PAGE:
The Myth of “Starve Mode” And Why You’re Really Not Losing Weight

You’ve likely heard someone mention “starve mode” when it comes to their inability to lose body fat while eating very low calorie.

When we take closer look though though, this idea begins to come apart at the seams.

The idea of “starve mode” is that when you eat few enough calories the body will put those calories you do eat directly into fat storage as a survival technique, which will  stop your fat loss.

If starve mode was a real then nobody would ever starve to death because their body would start storing body fat, this doesn’t happen though.

When you’re on lower calories and the scale has stopped moving thought there are a few things to explain why this is happening.

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Why You Can Lose Fat But Not Weight  

The first is that losing body fat and weight are not the same thing. Body fat is a part of your weight but so is food in your GI system, water, bones, muscle, organs and much more.

You can be losing body fat, but not see the scale reflect that same change because of water retention.

When you diet aggressively on low calories it can be very stressful for the body, and when added to other life stresses, you’re more likely to retain a good amount of water weight, not fat.  

This means you can still be losing body fat, but it will be masked on the scale by the amount of water you’re retaining if you’re too stressed and in an aggressive dieting phase.

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You Don’t Burn Very Many Calories

Another factor to think about is you might have to diet on much lower calories than you think to lose body fat.

People have a tendency to dramatically overestimate the amount of activity they get on a daily basis and assume they burn far more calories at the gym than they do.

I get it this sucks and I hate to be the bearer of bad news, but in reality I’m just trying to help you better understand the situation you’re in.

To chalk it up to starve mode is a disempowering way to look at this situation, but if you realize that you burn many calories each day you can make some modifications to you nutrition, and lifestyle to help.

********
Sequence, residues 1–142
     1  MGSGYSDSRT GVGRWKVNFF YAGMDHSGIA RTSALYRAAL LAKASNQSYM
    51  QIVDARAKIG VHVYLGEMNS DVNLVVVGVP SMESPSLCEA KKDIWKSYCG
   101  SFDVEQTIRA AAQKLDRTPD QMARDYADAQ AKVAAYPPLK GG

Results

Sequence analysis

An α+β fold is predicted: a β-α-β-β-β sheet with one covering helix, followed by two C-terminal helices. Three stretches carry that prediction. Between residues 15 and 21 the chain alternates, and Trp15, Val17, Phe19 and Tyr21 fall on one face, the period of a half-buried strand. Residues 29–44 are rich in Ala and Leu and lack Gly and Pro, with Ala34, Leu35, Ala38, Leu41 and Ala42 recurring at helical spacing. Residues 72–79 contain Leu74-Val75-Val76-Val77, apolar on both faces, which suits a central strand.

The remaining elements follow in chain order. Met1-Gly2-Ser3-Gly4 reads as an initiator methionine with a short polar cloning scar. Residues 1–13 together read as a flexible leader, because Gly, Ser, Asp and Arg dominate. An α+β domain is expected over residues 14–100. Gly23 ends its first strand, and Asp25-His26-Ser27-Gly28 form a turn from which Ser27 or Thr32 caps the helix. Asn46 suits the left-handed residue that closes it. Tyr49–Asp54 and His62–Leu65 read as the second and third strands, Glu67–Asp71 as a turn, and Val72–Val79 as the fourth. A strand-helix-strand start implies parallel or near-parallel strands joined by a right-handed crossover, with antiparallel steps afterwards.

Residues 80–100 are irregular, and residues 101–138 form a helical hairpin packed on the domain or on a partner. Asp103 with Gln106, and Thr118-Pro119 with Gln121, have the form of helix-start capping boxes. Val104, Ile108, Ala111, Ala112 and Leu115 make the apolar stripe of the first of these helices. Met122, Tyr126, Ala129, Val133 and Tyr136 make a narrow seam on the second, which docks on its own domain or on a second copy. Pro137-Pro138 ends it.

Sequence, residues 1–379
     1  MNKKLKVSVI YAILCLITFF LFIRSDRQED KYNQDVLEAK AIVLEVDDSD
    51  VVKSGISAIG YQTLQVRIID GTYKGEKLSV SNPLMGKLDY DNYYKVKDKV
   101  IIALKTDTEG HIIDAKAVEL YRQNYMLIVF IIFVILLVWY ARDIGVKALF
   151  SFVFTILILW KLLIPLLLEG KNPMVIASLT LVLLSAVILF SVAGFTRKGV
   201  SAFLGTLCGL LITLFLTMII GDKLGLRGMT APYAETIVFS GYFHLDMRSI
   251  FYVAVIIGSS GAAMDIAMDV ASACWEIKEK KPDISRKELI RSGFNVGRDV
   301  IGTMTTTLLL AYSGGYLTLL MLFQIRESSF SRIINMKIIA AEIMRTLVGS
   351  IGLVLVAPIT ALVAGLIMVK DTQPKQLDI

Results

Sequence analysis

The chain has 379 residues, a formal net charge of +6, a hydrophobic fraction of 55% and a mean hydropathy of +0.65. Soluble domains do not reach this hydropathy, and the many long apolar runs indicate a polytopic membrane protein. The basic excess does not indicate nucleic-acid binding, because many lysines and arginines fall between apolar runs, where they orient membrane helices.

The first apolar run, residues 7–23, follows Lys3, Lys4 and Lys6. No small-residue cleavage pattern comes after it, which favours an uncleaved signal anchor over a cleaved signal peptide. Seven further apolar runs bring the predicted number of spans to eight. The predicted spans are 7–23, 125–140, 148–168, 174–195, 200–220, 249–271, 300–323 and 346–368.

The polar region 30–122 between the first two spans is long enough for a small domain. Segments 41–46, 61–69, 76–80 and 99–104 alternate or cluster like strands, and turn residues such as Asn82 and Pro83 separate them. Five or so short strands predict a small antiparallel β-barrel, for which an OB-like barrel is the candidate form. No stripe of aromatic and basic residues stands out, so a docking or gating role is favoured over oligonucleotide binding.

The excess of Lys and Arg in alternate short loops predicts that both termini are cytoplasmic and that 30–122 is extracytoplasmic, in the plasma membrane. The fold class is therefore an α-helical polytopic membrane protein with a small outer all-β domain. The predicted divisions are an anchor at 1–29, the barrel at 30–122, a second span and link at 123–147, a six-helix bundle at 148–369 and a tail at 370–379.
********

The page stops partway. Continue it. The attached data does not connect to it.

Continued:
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Body Size and Activity Level

There generally two reasons why you’d burn less calories per day that someone else, and the first is that you’re a smaller individual in which case your bodies just requires fewer calories at rest or during activity.

The second is that you likely have a somewhat sedentary lifestyle, and I’m not talking about trips to the gym, but all the activity you get outside the gym on a day to day basis.

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Calorie Awareness

So now that we have that aspect covered let me say something you may not like hearing even more… you’re likely eating more than you think you are.

Humans are notoriously bad at reporting their food intake, and studies have found that people unintentionally under report their food intake by upwards of 40%, which pretty significant!

All of those forgotten snacks... handful of nuts here, small granola bar there and a lick of the peanut butter spoon can add up very fast when you don’t account for them, let alone the growing portion sizes that we as a society eat.

These food inaccuracies are especially damaging to your fat loss if you’re someone who already has to diet on very low calories to lose body fat to begin with.

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The “Forgotten” Foods

When you have to diet aggressively to lose body, and you’re stressed and not seeing results you’re more likely to have some late night overeating, or binges that take place.  

I’m not saying this from a place of judgment, because everyone has their own food triggers.

I’m being honest about how those unreported instances late at night can impact your fat loss results if you don’t burn many calories throughout the day.

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Your Body Adapts To Burn Less

Lastly as you diet and lose weight the body adapts and becomes more efficient, and burn fewer calories throughout the day and during exercise.

This is the bodies way to balance out the energy equation you’ve tilted in the direction of fat loss.

If you’ve lose weight you’ll automatically burn fewer calories because a smaller body is going to require fewer calories to maintain.

You’ll also burn fewer calories by simply moving less throughout the day in the form of less walking, more sitting, reduced fidgeting and other unconscious movement that will decrease.

When you go to the gym, you likely weren’t burning a ton of calories to begin with, but now in a calorie deficit the body strives to burn less during workouts too as a way to be more efficient with the calories you’re eating.

As you can see “starve mode” isn’t real, and in many cases it can be a very disempowering assumption when you stop losing fat.

On the other hand there are a number of explanations as to why of you will have a more difficult time losing body fat the deeper you get into a diet.

This doesn’t mean that you are powerless though and there are changes and modifications you can make to both your nutrition and lifestyle to make this process less on a march through the sludge.

In Part 2 of this blog we’re going to take a closer look at some of the hormonal, metabolic and psychological risks of going too low of calories for too long.

If you’ve always felt like you get stuck a month into a diet, and can never break past that plateau click HERE to apply for coaching and let’s work towards getting you better fat loss results that fit your lifestyle.